Curtis Whatley is a past member of the 50CAN team. 

Here’s what educators, advocates, wonks and policymakers are talking about today:

News & analysis

Kline teacher proposal would create winners and losers
States that have seen big explosions in population—including Nevada, Utah, and Arizona—also would see a big jump in federal funding for teacher quality under a little-noticed provision of a draft bill to renew the No Child Left Behind Act, introduced by U.S. Rep. John Kline, R-Minn., the chairman of the House education committee. But other states that have lost people in recent years—including New York, Michigan, and Kline’s home state of Minnesota—would see a dip in funding, according to an analysis Center for American Progress, a think tank in Washington that champions progressive policies. The reason? Kline’s proposal would change the formula for distributing about $3 billion in Improving Teacher Quality State grant money, or Title II, in Washington-wonkspeak. The funds help states provide professional development, reduce class size, and generally boost teacher quality. Right now, that money is distributed largely based on poverty (65 percent) as opposed to population (35 percent). The Kline proposal would change that to 50-50. (Politics K-12)

Rhode Island: Vote today for Achievement First
After many months of debate, the State Board of Education has scheduled a vote tonight on Achievement First. The charter manager is looking to open two elementary schools in Providence. The schools would also serve students from Cranston, Warwick and North Providence. Opponents are calling for a delay of the vote, saying there is no deadline until the end of March. Supporters of Achievement First say parents need more options given the poor performance of many urban public schools. They point to strong test scores especially in Math at Achievement First schools in Connecticut. (Elisabeth Harrison)

Rhode Island: Bill would extend teacher contracts
After losing last year’s battle to win binding arbitration for teachers, union leaders this year are supporting a bill that would continue the terms of a contract after it expires. They say teachers need this protection in light of a 2010 court decision that allowed the East Providence School Committee to unilaterally impose new terms after the two sides failed to reach a new agreement and the district struggled to close a deficit. House Bill 7250 was introduced by Rep. John M. Carne-vale, D-Providence, who said the bill would give stability to teachers and classrooms. But the same forces that fought binding arbitration turned out at a House Labor Committee meeting Wednesday night to voice their opposition. State law says contracts can last only three years, and that should be maintained, said representatives of the Rhode Island Department of Education, Rhode Island Association of School Committees, Ocean State Tea Party in Action and the education-advocacy organization RI-CAN, among others. J.R. Pagliarini, senior executive adviser to Providence Mayor Angel Taveras, said economic conditions can change dramatically in three years. “We need as much flexibility as possible to help us get out the financial dire straits we currently see ourselves in,” Pagliarini said. Continuing terms beyond three years provides a “disincentive for unions to negotiate new terms” he said, especially if that means salary freezes or paying for a greater portion of health-care premiums. (ProJo)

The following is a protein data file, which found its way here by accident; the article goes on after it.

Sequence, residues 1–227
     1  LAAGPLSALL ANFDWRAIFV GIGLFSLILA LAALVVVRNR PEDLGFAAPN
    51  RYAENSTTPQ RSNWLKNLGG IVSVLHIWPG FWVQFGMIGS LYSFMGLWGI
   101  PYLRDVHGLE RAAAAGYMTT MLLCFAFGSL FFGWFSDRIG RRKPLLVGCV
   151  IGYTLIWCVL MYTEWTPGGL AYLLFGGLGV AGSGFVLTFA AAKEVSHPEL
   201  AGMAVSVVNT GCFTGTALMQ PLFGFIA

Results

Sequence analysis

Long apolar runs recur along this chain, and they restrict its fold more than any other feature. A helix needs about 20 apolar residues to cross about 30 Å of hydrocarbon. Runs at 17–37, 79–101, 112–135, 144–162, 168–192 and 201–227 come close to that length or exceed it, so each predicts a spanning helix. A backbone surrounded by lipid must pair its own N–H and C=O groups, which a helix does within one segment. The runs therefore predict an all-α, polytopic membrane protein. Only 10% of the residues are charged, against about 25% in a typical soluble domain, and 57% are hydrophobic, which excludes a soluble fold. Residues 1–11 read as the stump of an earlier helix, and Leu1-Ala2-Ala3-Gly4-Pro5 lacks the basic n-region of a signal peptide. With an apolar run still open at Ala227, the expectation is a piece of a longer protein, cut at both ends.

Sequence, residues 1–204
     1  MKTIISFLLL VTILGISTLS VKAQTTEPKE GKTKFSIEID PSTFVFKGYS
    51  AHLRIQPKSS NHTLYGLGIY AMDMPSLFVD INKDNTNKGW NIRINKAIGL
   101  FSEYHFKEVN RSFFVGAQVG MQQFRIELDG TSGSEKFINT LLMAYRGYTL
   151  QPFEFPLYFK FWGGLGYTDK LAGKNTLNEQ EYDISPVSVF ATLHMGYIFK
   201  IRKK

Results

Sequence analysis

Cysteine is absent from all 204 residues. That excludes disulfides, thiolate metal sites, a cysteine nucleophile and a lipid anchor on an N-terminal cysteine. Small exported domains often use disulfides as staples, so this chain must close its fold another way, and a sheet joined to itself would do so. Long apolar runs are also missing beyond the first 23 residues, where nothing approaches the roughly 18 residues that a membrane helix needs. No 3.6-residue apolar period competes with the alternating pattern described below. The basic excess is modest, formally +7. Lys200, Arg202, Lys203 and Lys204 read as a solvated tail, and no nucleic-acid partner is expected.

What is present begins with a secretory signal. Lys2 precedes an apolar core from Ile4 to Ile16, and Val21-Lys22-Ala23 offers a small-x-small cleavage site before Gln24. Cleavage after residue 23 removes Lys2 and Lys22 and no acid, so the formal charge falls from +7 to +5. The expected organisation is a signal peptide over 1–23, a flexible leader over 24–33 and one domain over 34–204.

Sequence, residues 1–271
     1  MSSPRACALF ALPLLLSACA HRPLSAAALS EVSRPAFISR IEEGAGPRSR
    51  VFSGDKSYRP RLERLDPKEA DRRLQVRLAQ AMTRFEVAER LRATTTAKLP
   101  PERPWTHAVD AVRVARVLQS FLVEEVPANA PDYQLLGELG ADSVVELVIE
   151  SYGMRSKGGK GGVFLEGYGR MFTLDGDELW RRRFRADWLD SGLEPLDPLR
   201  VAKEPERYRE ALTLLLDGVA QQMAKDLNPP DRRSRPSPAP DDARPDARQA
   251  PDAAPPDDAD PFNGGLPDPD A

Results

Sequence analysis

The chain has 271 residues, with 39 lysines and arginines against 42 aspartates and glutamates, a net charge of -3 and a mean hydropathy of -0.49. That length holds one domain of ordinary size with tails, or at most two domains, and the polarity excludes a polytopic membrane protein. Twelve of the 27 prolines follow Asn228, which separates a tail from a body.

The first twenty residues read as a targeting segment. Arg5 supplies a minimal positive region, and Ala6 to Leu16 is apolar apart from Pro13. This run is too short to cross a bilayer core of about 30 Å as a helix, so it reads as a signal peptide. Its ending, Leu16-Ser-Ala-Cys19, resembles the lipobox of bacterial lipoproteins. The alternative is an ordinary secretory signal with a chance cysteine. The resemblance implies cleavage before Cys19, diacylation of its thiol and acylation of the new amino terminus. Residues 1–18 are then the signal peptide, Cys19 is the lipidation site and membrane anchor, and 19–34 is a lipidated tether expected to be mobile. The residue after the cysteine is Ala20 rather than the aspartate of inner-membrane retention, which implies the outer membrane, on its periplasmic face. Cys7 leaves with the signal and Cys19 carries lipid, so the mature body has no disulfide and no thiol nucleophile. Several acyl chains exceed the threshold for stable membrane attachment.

New York: Academic quits SUNY board over charter schools
A prominent academic has resigned from the State University of New York Board of Trustees, one of two groups with the power to approve charter schools, saying the university is approving charters that increase inequality and needlessly divide the community. The resignation of Pedro Noguera, a professor at New York University, comes as the debate about the role of charter schools heats up in suburbs and wealthier neighborhoods in the New York City area. In an interview, Noguera said he sees a lack of political leadership about the role of charters and the deep divisions that occur when charter schools move into the same buildings as traditional public schools, a controversial policy known as co-location. “Policymakers who are elected and accountable to the public should be thinking through the implications of what they’re doing, and I don’t see any evidence that that’s happening right now in New York state,” he said. (WSJ)

Maryland: Alonso’s chief of staff withdraws name from superintendent search